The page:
But Sarandon has another full-time job, and if it weren’t for the notable precedent set by Jane Fonda, it would seem mightily at odds with her feminist leanings: She is now Hollywood’s most durable working female sex symbol. ”She is the only 47-year-old woman who allows herself to look 47, and I think she’s more beautiful and more sexy now than even when she was a pretty young thing,” says Schumacher. ”One of the problems in Hollywood is, if you go to hire an actress who’s supposed to play 45 or 50, they look 30. They’ve had five facelifts, two boob jobs, their hair is some insane color, they’re too thin. Susan hasn’t bought into this.”
Since the public discovered her as the wide-eyed, nubile Janet in The Rocky Horror Picture Show in 1975, Sarandon has maintained her unique allure even as she has aged into more mature, headstrong characters — Brooke Shields’ mother in Pretty Baby (1978); the clam-bar waitress in Atlantic City (1980); the minor league groupie in Bull Durham (1988), a career-reviving part she says she had to ”grovel for”; and the pistol-packing renegade in the female buddy picture Thelma & Louise (1991) — the surprise hit that finally established Sarandon as a box office draw and won her the second of her three Academy Award nominations. Her role in The Client adds another distinction to her resume: She is the only woman single-handedly carrying one of this summer’s major studio releases.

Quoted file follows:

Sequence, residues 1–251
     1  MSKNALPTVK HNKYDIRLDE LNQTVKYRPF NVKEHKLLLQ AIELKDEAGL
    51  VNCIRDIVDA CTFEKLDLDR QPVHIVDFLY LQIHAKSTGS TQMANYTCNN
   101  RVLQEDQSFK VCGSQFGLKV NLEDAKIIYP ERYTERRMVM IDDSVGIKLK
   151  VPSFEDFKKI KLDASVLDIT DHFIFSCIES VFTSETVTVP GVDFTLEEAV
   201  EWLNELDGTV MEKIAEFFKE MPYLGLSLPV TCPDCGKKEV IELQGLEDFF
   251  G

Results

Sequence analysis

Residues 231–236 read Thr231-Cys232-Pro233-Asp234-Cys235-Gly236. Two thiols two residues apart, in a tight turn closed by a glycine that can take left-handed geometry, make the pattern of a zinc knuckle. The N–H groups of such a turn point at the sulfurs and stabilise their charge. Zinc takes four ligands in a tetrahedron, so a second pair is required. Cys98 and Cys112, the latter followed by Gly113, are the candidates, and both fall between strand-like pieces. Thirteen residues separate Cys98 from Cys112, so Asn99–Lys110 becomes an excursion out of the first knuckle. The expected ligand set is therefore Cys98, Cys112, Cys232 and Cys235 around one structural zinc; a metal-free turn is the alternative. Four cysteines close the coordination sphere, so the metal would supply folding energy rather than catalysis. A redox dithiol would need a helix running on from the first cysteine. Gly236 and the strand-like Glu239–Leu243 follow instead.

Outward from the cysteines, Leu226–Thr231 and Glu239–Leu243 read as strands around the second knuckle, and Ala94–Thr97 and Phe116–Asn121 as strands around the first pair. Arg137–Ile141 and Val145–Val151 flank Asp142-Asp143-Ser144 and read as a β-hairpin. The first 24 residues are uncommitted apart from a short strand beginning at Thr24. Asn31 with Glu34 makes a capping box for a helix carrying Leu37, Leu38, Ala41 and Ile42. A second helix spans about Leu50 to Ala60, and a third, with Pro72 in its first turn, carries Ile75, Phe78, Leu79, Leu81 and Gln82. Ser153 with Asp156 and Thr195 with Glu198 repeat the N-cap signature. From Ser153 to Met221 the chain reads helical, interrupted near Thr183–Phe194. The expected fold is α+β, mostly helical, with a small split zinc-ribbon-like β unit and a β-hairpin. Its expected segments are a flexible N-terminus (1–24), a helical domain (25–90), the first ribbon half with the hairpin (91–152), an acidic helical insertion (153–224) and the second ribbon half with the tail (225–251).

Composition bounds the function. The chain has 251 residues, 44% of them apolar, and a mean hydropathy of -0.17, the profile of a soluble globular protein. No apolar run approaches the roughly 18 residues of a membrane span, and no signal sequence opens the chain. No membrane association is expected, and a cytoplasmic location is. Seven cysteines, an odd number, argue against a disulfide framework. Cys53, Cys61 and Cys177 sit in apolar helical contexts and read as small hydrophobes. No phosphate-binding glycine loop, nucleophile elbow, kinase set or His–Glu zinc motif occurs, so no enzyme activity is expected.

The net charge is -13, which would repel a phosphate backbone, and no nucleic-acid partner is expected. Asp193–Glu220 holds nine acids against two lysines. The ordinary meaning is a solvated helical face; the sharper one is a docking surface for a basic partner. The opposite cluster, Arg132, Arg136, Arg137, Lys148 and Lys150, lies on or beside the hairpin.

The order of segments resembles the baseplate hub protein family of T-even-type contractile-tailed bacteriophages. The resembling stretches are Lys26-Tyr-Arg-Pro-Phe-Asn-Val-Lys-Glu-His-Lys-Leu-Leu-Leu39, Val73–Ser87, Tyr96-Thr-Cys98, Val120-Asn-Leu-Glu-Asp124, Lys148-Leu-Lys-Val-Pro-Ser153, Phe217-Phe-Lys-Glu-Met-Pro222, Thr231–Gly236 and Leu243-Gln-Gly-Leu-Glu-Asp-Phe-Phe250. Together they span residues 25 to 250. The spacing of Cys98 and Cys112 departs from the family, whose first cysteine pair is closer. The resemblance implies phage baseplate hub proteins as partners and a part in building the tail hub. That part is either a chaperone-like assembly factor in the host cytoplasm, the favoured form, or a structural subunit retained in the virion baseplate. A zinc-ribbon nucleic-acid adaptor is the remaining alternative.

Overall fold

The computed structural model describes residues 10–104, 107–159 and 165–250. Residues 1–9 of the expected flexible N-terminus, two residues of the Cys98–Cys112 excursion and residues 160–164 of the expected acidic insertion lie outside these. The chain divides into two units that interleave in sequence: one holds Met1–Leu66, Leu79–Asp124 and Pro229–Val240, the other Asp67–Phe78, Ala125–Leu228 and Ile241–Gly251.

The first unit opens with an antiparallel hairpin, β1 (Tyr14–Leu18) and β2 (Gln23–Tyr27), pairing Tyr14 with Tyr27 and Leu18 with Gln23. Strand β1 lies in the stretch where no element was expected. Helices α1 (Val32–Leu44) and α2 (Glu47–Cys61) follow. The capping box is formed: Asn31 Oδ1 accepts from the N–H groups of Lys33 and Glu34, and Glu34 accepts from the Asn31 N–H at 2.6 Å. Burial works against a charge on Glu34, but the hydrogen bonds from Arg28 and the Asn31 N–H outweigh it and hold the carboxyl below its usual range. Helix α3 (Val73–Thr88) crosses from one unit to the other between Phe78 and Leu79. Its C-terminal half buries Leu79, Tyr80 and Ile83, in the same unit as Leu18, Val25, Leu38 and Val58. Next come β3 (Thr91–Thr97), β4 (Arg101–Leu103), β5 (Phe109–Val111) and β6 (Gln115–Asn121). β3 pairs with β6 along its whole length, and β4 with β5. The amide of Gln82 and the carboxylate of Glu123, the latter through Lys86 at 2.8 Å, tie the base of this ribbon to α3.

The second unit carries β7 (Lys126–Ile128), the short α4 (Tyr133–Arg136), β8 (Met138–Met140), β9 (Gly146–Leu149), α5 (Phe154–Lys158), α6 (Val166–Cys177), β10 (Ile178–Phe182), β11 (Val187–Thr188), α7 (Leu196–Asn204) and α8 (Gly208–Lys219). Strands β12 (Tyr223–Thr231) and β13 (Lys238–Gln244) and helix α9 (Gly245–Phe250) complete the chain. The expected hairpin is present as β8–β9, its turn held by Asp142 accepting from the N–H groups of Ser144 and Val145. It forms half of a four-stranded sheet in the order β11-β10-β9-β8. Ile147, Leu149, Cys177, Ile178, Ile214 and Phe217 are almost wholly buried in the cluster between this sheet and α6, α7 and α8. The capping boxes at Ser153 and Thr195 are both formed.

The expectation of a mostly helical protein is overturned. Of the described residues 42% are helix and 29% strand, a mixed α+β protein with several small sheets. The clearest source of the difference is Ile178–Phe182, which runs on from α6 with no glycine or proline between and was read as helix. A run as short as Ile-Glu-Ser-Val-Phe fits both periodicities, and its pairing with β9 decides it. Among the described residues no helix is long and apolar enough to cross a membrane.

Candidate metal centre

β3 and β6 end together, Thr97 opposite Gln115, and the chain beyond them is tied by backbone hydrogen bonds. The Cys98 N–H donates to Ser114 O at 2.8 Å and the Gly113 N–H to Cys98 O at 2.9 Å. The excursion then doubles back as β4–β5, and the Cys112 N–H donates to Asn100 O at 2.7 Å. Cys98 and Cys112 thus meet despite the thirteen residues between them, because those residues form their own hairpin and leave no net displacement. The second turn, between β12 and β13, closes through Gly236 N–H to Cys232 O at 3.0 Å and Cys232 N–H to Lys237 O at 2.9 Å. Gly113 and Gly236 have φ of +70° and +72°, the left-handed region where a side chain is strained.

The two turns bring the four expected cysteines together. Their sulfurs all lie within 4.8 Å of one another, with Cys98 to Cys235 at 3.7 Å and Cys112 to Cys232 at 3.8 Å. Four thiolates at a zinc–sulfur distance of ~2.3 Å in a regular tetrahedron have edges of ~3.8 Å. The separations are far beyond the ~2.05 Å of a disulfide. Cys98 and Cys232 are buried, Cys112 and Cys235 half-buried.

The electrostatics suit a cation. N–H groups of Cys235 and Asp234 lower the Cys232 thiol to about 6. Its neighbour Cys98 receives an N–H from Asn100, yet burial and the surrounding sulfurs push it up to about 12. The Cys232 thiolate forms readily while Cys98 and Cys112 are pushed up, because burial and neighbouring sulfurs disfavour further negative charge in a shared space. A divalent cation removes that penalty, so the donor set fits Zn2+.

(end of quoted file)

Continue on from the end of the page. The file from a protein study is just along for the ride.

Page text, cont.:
Impressive, but New Canaanites aren’t an easily impressed bunch (Sarandon’s famous neighbors include David Letterman and, in nearby Greenwich, Diana Ross), and they pay no mind to this fiery, red-haired voice of equality tearing at a muffin and talking into a tape recorder. She’s funnier than you’d expect, nice but doesn’t suffer fools, and is more than slightly preoccupied with her children and her politics. ”I always choose to be hopeful,” says Sarandon, when asked her prognosis for the country she has been so vocal in criticizing, on its 218th birthday. ”I’m hopeful because I’m making children who will write letters to the editor, and have a conscience, and have a good time all at the same time.”